The 21st Show

ENCORE: Midwest Earthquakes; Conspiracy Theories And Politics; Dealing With Burnout


Janet Clem, 37, looks at the damage to her home in Mt. Carmel, Ill. on April 18, 2008 from an early morning earthquake. The 5.2 magnitude earthquake, centered in southern Illinois, rattled skyscrapers in Chicago's Loop and homes in Cincinnati but appeared to cause no major injuries or damage. Daniel R. Patmore/AP

On this special Labor Day encore episode, we talked about one of the largest earthquakes recorded in the US that happened in the Midwest in 1811. So how likely are earthquakes in the Midwest today? Plus, conspiracy theories have been part of our politics for a long time. These days, belief in those theories are part of why our country is so divided. We learned how that happened. Also, what’s the difference between feeling stressed and experiencing burnout? And, how can understanding that difference help challenge stigma around mental health? 

Midwest Earthquakes

Residents near Cleveland were probably surprised on June 10 when a 4.2 magnitude earthquake rattled Northeast Ohio. According to the US Geological Survey, an earthquake of that magnitude is noticeable but doesn’t cause much damage at all. 

It’s a good reminder, though, that earthquakes do happen in the Midwest. In fact, geologists say large, damaging earthquakes have occurred in the Midwest in the past and are expected again.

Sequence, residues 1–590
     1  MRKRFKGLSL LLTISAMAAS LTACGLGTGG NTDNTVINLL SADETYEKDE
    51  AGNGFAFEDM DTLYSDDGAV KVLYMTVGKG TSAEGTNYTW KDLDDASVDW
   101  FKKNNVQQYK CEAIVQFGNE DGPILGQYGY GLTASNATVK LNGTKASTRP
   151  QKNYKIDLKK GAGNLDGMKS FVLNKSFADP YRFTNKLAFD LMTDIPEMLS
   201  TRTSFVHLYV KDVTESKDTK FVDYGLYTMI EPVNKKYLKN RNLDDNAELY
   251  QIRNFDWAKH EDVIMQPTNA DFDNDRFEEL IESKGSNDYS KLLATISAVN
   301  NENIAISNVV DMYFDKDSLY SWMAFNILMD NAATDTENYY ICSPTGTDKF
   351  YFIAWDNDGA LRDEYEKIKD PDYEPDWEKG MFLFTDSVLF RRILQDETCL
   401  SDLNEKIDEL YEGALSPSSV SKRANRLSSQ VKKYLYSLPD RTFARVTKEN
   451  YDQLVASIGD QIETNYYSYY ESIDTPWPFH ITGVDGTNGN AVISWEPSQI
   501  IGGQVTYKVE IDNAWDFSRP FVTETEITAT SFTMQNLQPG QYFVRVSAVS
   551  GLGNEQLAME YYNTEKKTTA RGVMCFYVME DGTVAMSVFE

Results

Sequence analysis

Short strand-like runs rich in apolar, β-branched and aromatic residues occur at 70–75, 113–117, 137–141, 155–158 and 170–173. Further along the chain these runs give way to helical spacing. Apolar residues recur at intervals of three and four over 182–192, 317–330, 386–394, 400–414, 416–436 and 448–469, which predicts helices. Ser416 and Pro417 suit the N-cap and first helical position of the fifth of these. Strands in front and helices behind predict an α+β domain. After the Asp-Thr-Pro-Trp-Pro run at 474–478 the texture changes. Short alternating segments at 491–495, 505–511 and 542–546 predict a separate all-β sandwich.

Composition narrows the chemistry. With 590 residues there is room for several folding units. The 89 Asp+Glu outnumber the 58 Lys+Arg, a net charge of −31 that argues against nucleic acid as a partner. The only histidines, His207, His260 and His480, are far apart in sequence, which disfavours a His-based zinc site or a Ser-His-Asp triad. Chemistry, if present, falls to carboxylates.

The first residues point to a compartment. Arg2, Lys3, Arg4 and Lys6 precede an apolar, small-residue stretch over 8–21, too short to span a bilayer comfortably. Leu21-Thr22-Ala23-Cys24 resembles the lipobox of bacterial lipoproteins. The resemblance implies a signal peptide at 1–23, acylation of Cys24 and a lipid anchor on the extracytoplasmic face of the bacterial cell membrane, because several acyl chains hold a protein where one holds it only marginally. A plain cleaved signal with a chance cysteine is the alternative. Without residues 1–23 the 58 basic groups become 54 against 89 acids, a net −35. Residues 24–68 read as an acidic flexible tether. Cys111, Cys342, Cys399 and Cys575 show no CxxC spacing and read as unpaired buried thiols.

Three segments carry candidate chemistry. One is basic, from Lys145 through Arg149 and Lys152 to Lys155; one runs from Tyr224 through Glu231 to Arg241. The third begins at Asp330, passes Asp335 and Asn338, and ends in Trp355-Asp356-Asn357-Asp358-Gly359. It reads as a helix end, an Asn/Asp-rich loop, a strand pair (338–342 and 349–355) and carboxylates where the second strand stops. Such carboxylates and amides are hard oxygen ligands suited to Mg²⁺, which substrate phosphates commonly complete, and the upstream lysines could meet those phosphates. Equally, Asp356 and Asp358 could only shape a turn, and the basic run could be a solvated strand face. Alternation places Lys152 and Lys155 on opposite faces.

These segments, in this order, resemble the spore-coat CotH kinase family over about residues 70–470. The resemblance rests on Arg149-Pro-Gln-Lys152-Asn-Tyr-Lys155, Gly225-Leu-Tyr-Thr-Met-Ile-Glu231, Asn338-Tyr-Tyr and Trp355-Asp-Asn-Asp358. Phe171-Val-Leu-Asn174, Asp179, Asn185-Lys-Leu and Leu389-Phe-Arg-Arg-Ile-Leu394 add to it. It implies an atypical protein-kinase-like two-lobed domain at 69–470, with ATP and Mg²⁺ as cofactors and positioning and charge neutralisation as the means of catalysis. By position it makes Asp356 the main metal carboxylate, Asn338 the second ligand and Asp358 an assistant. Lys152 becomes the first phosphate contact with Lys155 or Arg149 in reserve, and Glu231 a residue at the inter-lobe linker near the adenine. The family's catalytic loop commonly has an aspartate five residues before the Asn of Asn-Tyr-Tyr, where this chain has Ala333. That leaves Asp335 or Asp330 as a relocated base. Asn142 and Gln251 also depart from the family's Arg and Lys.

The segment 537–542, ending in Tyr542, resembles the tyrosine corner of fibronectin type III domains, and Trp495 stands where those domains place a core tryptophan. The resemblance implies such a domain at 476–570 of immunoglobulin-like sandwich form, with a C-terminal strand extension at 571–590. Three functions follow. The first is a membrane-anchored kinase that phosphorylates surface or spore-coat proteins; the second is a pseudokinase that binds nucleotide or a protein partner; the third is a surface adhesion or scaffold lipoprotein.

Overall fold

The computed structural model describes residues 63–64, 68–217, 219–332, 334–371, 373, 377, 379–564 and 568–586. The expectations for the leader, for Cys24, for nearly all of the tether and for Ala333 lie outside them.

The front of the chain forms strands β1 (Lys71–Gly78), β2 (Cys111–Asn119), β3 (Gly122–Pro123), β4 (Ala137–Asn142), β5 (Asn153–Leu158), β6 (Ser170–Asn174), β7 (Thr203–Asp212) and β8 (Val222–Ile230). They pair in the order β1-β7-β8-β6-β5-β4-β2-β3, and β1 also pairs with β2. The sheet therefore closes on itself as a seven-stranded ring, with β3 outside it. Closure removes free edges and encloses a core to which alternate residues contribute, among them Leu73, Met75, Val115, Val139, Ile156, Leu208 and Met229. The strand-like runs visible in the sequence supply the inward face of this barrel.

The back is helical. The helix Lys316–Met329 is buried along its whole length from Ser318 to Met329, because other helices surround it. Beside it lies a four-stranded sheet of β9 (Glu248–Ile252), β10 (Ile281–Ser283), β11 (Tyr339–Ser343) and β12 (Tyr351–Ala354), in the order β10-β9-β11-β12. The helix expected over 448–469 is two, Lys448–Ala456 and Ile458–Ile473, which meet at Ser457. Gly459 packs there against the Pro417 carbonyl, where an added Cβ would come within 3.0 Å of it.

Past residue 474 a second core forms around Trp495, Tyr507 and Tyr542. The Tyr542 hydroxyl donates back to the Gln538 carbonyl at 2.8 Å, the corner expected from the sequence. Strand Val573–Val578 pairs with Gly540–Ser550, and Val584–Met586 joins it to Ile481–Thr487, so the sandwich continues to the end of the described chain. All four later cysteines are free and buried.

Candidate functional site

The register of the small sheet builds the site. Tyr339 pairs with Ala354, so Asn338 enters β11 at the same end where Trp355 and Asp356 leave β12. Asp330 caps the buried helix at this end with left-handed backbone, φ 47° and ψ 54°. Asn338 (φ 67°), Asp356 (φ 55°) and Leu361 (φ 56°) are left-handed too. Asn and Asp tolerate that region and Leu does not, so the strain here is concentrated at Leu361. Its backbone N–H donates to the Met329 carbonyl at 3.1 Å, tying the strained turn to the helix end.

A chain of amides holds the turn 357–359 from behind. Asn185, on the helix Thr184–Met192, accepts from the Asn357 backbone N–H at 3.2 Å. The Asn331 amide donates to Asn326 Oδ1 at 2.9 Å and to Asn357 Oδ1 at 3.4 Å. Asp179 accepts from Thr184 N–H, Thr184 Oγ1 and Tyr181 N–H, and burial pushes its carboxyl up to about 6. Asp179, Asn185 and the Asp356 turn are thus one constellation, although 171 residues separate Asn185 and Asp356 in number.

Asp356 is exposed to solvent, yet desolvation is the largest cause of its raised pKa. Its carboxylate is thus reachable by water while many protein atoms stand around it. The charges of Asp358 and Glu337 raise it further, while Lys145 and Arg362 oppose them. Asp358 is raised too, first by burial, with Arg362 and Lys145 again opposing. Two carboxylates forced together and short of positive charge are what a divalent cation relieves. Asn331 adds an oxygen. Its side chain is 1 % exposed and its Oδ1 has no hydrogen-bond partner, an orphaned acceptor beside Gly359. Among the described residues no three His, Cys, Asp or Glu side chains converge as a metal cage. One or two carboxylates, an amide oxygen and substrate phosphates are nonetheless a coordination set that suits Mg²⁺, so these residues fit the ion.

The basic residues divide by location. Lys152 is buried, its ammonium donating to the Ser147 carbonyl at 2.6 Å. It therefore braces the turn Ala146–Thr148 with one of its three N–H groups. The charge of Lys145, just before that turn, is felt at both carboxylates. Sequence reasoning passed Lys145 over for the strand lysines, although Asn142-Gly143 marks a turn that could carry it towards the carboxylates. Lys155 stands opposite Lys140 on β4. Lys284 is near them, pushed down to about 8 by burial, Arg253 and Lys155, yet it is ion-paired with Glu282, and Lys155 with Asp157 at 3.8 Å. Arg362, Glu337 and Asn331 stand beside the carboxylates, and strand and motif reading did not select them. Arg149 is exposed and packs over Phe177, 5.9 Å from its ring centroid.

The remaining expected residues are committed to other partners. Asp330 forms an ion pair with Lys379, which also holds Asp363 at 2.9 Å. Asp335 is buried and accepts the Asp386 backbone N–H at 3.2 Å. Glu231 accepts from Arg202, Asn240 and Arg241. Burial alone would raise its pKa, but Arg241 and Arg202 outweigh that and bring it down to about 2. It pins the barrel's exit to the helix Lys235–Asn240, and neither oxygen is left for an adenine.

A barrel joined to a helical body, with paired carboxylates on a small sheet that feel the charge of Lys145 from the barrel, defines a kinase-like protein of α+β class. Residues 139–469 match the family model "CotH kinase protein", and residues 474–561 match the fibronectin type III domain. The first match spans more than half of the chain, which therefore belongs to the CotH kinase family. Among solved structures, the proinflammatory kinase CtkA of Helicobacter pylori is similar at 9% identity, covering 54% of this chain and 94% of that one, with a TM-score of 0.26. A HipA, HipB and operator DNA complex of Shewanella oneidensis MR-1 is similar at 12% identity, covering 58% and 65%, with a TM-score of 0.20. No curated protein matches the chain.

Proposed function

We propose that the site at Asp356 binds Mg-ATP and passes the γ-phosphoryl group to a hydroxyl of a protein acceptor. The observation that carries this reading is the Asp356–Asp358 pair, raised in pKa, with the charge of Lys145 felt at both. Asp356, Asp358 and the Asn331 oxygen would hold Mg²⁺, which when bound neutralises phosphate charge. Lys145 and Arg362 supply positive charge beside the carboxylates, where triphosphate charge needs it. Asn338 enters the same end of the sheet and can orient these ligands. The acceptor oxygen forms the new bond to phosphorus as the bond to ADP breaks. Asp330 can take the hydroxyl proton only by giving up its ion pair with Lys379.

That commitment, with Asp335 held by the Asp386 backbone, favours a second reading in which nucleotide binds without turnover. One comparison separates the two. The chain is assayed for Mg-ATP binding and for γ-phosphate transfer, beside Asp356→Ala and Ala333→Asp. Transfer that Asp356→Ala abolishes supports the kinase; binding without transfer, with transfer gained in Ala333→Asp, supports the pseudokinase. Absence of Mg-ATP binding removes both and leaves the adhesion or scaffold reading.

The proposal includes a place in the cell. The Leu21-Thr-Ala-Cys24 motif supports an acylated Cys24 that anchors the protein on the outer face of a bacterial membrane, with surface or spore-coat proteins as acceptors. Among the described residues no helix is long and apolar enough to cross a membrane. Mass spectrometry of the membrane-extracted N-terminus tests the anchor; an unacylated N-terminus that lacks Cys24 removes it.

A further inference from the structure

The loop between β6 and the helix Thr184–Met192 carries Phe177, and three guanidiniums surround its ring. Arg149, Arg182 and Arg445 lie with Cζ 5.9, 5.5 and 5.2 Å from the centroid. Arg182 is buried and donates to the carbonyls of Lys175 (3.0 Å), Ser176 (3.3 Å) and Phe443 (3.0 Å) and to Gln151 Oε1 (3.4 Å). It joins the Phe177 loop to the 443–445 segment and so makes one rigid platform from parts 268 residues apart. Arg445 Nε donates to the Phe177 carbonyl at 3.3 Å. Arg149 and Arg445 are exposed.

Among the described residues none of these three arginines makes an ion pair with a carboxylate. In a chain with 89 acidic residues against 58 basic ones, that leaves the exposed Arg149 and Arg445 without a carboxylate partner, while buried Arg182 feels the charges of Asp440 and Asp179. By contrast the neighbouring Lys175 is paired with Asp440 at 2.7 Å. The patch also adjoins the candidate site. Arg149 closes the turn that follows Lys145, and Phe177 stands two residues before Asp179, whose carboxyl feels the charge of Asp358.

In 1811 and 1812, there were a series of earthquakes in the middle of the country known as the New Madrid earthquakes — some of the largest in American history. They were so strong that for a short time, they changed the direction the Mississippi River flowed. 

Conevery Valencius, a history professor at Boston College, wrote a book about the New Madrid quakes. Tim Larson, Senior Geophysicist with the Illinois State Geological Survey, joined us in the studio to talk about what might be going on under our feet here in Illinois and the risk of earthquakes in our region.

Conspiracy Theories And Politics

American politics has had no shortage of its conspiracy theories. Think about questions about Who Shot JFK? Or Area 51.

But in the past few years it’s easy to name so many more: pizzagate, birthers, the death of Vince Foster. At the same time, our politics have become so much more polarized. 

So, University of Chicago Political Scientist Eric Oliver has asked, could the force driving conspiracy theories also be the same one that’s dividing our country? He joined us on the line to talk about his research.

Dealing With Burnout 

Many of us have experienced a feeling of being burnt out: a long week at work or at home can leave us feeling exhausted, both physically and emotionally. But when does every day stress turn into something more serious? 

Now, the World Health Organization has changed and clarified the definition of burnout and separated it from other stress syndromes. Researchers hope the change will bring more awareness and more options for treatment. 

Samantha Coleman is a professor in industrial and organizational psychology at Adler University in Chicago.

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